When is food available and served? What kinds of meals are served? Are dietary restrictions available? Do you have a choice of meals? This can be very important to seniors. Ask to meet the chef and get a sense of the kitchen. Are they stressed trying work within a tight budget, or are they looking to create tasty meals for their clients?
Location and family access
Are you within driving distance and have easy access to your loved ones? If you cannot find a good fit close to home, is there one close to their work, that they could pop in to or from work? Would it be a better fit if you were closer to your grandchildren, who might visit more, even over your formal decision maker?
Consider covid protocols and if they work with your family. Many families ended up taking their loved ones out of facilities in BC because they lost physical access to them during covid. Loneliness and quick viral transmission became a problem, with families needing to make tough decisions.
What kinds of medical services are on site? Do they provide an on-call doctor and/or nursing staff? Is there podiatry care or will you need to bring someone in? Do they provide transportation for medical appointments or procedures? Is there hospice care? Hospice support may not seem like an appropriate conversation at this time, however whether it is an unexpected event or many years down the road, you may not want to be moved again or transferred to a hospital bed for your last days. It can be traumatic for you and families to witness you in an unfamiliar and cold hospital setting.
Are their social programs and would you have any interest in them? Are there weekly schedules, exercise programs or planned events? Are there Christmas/Valentine’s Parties etc.? Is there available transportation to shopping or appointments? Are you able to access your current social activities? Are you obligated to participate in theirs?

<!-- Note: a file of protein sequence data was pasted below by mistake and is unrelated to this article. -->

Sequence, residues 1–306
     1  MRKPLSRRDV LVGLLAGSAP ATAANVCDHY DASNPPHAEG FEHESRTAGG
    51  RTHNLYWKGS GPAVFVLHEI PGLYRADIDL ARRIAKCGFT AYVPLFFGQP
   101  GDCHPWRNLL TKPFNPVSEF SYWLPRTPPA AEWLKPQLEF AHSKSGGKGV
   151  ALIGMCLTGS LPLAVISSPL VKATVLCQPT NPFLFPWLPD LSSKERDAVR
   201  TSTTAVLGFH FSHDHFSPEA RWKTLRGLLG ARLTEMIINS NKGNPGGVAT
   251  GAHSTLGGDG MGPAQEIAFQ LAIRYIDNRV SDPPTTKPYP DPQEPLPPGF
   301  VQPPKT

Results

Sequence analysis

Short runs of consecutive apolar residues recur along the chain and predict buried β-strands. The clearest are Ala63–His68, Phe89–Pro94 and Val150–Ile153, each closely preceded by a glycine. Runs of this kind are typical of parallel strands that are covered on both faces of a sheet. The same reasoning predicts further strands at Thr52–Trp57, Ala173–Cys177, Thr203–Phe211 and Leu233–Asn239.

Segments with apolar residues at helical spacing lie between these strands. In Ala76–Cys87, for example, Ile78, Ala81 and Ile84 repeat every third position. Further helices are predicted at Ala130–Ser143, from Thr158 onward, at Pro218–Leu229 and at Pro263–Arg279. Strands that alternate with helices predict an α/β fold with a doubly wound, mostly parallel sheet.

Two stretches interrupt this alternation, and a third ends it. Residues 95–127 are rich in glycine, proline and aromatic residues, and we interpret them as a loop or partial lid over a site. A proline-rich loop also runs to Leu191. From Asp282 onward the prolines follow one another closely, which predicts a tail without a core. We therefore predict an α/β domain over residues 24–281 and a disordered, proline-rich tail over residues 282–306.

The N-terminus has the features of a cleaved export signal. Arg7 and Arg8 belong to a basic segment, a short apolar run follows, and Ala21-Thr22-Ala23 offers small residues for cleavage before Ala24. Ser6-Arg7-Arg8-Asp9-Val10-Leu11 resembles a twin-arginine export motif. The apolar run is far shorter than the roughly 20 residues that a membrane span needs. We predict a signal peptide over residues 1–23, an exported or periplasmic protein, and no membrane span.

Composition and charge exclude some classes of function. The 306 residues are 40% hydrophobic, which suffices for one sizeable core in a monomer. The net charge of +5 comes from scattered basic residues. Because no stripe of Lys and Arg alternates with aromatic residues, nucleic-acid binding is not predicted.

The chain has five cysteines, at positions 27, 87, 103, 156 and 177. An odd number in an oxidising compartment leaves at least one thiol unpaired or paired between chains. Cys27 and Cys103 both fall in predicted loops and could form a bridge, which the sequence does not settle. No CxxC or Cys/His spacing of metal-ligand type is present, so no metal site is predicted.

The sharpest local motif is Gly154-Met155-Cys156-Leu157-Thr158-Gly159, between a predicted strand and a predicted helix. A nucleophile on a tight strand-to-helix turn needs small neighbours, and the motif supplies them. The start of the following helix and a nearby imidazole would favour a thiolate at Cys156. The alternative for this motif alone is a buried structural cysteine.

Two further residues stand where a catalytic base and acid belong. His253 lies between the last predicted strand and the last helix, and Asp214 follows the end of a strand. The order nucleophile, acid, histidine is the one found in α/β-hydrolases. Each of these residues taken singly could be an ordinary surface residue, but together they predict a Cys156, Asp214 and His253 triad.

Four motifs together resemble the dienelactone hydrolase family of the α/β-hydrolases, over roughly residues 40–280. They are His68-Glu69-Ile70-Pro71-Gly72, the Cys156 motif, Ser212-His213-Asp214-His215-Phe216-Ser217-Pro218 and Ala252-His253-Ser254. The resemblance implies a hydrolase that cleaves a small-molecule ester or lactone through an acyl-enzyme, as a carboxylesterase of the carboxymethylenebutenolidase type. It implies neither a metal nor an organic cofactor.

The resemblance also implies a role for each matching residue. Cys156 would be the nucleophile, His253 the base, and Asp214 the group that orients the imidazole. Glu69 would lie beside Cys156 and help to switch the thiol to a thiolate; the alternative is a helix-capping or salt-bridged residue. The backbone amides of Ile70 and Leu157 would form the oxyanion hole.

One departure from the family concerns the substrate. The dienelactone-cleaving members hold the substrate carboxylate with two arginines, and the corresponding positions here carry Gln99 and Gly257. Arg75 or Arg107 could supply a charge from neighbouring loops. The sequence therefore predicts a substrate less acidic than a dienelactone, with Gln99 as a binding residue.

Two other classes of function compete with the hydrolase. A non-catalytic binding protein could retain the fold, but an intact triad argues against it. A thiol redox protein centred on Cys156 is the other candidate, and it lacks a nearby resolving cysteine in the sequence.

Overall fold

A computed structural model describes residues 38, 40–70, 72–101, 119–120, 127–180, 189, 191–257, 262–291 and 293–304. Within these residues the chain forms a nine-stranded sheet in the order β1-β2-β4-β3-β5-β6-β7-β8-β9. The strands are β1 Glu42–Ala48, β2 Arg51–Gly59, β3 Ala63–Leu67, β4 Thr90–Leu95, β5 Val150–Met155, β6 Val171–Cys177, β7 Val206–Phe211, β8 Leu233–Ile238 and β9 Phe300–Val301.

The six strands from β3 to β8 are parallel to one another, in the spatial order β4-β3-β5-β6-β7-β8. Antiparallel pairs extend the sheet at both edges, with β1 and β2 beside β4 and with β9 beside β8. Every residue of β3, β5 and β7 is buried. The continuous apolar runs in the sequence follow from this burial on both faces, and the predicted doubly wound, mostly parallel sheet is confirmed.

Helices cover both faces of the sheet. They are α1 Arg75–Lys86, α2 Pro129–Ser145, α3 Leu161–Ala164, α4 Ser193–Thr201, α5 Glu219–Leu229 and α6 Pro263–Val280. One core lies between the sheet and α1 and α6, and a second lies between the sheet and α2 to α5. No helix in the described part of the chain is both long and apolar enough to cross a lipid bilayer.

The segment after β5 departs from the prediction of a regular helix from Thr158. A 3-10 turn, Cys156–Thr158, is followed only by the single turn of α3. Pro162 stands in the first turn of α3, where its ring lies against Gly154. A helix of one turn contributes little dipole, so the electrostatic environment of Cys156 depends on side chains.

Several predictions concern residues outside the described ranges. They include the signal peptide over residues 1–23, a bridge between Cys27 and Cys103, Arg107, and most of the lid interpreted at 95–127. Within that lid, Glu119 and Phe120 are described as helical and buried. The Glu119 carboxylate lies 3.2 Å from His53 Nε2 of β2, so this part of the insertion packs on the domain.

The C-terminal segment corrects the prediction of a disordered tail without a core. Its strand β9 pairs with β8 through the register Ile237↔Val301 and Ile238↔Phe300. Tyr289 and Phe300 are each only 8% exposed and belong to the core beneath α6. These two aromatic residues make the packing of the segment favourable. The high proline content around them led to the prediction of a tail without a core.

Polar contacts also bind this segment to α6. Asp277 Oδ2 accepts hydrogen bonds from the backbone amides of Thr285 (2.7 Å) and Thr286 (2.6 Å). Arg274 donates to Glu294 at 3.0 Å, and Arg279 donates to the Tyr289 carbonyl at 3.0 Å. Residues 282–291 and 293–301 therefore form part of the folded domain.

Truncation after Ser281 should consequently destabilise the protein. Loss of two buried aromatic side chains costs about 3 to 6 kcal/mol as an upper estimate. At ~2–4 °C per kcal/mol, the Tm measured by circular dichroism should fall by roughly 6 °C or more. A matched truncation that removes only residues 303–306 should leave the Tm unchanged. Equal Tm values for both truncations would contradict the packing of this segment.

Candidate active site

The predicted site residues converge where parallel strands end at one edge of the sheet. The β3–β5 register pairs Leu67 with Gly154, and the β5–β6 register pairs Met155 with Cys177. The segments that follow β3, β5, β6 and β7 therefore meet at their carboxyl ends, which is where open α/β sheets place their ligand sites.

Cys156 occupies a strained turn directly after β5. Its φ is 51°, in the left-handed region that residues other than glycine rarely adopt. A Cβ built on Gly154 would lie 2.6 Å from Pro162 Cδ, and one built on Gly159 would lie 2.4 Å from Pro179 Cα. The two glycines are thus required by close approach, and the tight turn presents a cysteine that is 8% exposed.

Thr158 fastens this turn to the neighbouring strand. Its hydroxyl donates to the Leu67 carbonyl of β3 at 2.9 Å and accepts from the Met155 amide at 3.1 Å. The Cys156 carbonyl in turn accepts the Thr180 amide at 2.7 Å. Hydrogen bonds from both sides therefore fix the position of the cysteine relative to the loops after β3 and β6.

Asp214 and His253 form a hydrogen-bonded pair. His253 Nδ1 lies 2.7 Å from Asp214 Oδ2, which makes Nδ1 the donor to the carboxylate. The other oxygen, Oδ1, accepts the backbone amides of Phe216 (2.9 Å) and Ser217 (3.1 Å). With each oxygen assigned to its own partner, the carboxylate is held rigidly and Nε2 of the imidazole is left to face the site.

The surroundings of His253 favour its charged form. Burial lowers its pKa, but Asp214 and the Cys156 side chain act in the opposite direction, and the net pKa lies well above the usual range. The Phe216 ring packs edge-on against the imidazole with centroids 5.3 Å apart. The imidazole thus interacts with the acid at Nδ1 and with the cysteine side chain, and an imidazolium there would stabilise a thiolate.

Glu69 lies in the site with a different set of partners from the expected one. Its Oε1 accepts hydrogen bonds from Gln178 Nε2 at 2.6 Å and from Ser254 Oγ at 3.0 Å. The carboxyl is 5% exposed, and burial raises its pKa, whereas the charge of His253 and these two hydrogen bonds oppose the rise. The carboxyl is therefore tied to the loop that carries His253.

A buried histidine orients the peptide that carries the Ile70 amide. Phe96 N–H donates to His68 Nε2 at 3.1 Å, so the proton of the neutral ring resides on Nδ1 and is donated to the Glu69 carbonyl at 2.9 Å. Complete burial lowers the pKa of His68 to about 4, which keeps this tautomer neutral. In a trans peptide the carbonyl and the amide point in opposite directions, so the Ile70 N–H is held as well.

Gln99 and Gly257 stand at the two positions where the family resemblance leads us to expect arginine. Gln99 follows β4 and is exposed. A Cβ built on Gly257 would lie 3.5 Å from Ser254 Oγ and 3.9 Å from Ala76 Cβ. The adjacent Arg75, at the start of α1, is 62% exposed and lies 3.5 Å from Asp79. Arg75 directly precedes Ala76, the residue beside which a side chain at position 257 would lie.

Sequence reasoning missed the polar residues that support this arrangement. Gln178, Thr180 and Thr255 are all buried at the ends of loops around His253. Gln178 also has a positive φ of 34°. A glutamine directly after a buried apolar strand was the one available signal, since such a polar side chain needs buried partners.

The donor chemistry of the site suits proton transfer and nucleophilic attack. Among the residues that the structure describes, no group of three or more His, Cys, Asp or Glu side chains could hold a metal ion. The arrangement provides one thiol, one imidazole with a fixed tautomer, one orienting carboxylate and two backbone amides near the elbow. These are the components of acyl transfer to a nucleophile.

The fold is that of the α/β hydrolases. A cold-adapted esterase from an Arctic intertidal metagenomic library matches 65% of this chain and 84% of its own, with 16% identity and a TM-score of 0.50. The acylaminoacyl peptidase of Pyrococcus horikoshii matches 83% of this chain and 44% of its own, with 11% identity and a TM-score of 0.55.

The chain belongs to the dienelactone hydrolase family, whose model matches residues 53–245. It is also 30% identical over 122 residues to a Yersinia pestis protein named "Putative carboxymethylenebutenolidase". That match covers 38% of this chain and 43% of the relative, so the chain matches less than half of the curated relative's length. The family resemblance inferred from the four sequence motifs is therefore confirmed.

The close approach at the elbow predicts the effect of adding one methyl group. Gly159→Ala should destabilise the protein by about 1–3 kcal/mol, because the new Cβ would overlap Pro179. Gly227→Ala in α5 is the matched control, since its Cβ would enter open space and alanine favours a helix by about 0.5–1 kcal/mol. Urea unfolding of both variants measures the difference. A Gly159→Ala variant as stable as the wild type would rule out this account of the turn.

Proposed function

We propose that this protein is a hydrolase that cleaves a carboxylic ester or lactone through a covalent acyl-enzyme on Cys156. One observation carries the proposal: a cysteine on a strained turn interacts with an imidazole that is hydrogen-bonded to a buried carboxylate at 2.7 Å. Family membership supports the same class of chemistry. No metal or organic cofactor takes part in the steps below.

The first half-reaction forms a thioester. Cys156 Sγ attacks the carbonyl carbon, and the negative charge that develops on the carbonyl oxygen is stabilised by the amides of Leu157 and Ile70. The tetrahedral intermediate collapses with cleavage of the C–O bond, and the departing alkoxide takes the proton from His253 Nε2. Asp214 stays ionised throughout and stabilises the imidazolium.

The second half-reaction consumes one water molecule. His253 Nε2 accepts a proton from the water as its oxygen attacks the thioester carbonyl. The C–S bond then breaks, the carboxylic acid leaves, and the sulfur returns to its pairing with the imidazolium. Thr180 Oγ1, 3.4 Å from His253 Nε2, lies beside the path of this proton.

This industry is very much a get what you pay for industry.
For those with a minimal budget, one can enroll in their local health authority senior care. There is a fee and it is based on income levels. There is a waiting list, you do not get to pick your facility (it is first bed open, first filled), and you will usually be sharing a room with several other people. Cleanliness and staffing are a problem. Food services are strict. Benefits include nursing staff and doctors available daily.
On the higher end, there are wonderful, clean rooms available throughout the lower mainland with private nurses and doctors on-call. They are service oriented with the highest standards in cleanliness, care, and facility services. They are extremely pricey.
The many in between. Those with mid-range budgets will find the above considerations/questions and facility tours most helpful to narrow down the best fit for you. You may find yourself trying to decide between a couple of good choices. Never ignore your gut instinct if you are having trouble deciding. Sometimes the warm feelings you get from the staff may over shadow that you noticed the floors weren’t swept that day. Or you may prefer that your home is cleaned impeccably, and not care about staff contact, as you would rather be in a good book anyway. After working in this field for many years, I have decided that if I was to live in a care home, my number one priority would be excellent food! I wouldn’t mind much about anything else.
This may seem like a lot, but after the first or second visit, you’ll be a pro! Ask away and advocate your needs and wants.
I wish you all the best navigating these decisions. They are not easy and usually filled with unwanted learning experiences. My prayer for you would be for you to be healthy, joyful, treated with respect and cared for lovingly.
Please reach out to me if you have any questions or would like a more in-depth discussion. Again, I would stress the importance of seniors staying in-home and would enjoy discussing ideas of how to make that happen, sometimes with my out-of-the-box ideas.
- Maureen Landucci